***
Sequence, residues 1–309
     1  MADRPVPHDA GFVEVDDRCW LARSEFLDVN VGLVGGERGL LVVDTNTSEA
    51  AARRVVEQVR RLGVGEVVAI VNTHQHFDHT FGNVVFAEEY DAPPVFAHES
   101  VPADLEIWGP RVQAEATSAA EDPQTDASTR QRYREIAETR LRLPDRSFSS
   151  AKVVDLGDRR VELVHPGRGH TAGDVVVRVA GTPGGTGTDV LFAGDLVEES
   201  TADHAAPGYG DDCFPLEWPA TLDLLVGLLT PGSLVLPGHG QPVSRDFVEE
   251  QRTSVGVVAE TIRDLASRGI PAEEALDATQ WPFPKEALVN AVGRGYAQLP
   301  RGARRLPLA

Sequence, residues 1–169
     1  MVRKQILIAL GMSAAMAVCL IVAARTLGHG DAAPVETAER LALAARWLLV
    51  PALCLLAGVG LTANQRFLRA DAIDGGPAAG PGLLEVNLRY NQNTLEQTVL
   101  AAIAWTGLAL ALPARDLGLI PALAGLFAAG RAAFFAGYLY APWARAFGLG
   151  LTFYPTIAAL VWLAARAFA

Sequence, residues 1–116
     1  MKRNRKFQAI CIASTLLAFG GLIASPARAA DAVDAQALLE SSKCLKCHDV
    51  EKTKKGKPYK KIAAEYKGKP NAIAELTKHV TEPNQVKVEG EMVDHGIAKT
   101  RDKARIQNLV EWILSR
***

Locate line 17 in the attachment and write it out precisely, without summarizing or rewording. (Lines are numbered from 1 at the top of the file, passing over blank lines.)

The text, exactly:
   101  RDKARIQNLV EWILSR